The Economic Times has a report on the talk I gave in Bangalore:
While the development of physical infrastructure has been a top priority for the government in the last few years, little attention has been paid to enhancing digital infrastructure in India. At a seminar on IT for the common man, held at IT.COM, Rajesh Jain, managing director, Net Core Solutions, said the focus needs to be on providing utility-based computing solutions for a cost of about Rs 750 per user per month.
Mr Jain said that three aspects were critical to enhance the digital infrastructure of a country. They included building one-for-one computing, making technology infrastructure available on a utility basis and charging around Rs 750 per month per user for it.
Through this it was possible to hit the 10-m PC mark by focusing on homes, SMEs and rural markets. While around 2.5m computers are sold in India, Mr Jain said this number could go up five or ten fold if machines were priced at around Rs 5,000. However, apart from developing low-cost computers, an entire eco system needed to be built.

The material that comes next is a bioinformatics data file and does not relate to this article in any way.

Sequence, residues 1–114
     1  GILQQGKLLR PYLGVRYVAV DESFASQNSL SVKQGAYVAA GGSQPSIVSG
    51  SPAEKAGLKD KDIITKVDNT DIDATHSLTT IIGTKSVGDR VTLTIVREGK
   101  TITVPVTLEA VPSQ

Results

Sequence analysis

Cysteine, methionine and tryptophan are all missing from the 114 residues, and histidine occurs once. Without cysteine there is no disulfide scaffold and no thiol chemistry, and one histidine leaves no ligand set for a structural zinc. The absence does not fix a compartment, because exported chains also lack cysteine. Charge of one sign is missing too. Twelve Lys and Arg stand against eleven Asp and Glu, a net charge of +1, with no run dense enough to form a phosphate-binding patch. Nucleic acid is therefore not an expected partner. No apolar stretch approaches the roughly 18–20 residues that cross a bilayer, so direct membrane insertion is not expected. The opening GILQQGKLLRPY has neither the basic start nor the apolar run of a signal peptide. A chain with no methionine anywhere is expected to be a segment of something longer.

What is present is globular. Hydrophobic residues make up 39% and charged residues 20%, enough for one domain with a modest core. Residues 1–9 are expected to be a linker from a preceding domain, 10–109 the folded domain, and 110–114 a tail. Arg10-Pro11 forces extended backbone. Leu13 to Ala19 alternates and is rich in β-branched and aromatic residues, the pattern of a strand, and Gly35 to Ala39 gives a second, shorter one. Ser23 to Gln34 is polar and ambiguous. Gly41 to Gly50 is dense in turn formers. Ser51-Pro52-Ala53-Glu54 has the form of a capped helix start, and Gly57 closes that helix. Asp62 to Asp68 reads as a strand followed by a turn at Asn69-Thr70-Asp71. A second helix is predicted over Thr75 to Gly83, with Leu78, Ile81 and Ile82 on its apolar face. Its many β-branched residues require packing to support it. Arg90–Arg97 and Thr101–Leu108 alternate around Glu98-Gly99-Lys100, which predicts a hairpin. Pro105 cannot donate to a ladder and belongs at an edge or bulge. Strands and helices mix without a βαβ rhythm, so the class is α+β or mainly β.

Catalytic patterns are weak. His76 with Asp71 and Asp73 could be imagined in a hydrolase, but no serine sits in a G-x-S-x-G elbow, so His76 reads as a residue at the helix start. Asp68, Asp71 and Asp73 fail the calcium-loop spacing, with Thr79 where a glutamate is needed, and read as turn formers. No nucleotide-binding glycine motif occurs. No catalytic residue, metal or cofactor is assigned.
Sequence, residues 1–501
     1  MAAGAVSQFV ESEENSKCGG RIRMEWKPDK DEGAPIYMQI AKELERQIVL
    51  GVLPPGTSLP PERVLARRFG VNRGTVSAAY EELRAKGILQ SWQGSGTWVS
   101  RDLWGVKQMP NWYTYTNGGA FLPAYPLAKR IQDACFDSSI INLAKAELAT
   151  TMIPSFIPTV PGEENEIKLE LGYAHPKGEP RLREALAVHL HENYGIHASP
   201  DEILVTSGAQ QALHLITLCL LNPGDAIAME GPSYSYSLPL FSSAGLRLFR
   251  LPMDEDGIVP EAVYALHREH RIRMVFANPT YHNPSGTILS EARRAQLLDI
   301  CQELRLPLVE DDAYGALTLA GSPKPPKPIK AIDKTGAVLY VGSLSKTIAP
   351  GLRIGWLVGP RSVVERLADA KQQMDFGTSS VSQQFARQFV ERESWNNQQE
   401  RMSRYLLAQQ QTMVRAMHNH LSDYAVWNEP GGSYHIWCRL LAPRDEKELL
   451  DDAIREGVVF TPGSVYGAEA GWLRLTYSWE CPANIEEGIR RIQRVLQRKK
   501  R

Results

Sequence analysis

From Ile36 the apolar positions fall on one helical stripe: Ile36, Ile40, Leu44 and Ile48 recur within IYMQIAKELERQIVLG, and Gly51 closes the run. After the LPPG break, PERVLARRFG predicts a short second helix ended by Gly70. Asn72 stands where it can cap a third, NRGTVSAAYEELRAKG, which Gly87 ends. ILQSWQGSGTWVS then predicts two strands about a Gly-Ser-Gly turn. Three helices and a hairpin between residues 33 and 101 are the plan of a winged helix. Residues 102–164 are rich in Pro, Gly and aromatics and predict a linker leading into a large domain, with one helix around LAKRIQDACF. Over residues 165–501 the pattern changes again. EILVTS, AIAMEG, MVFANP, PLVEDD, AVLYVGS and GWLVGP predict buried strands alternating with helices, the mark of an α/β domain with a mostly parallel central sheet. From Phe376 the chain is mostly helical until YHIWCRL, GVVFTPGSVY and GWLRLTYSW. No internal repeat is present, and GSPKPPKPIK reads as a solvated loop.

To give a leg up to the SME fraternity, Mr Jain suggested the setting up of on-line academies. Engineering students could also be enlisted for some technical support, he added.
While open source technology is expected to play a key role in providing cost-effective solutions, Mr Jain said, it would be foolhardy not to make them Windows-compatible. He also felt that it was imperative to offer cheap software to nullify the effects of pirated offerings. The need to focus on building industry-specific applications was essential, he said.
The town of Tirupur, which had over 5,000 garment units, could use such applications to enhance their productivity. Mr Jain advocated the establishment of `Tech 7/11s that were one-stop solutions for all IT requirements.
He said that more needs to be done in the field of IT education. Instead of the present scenario where most companies in this field focused on training in technical fields, he said, education in areas such as e-mail, word processing and so on needed to be made the priority.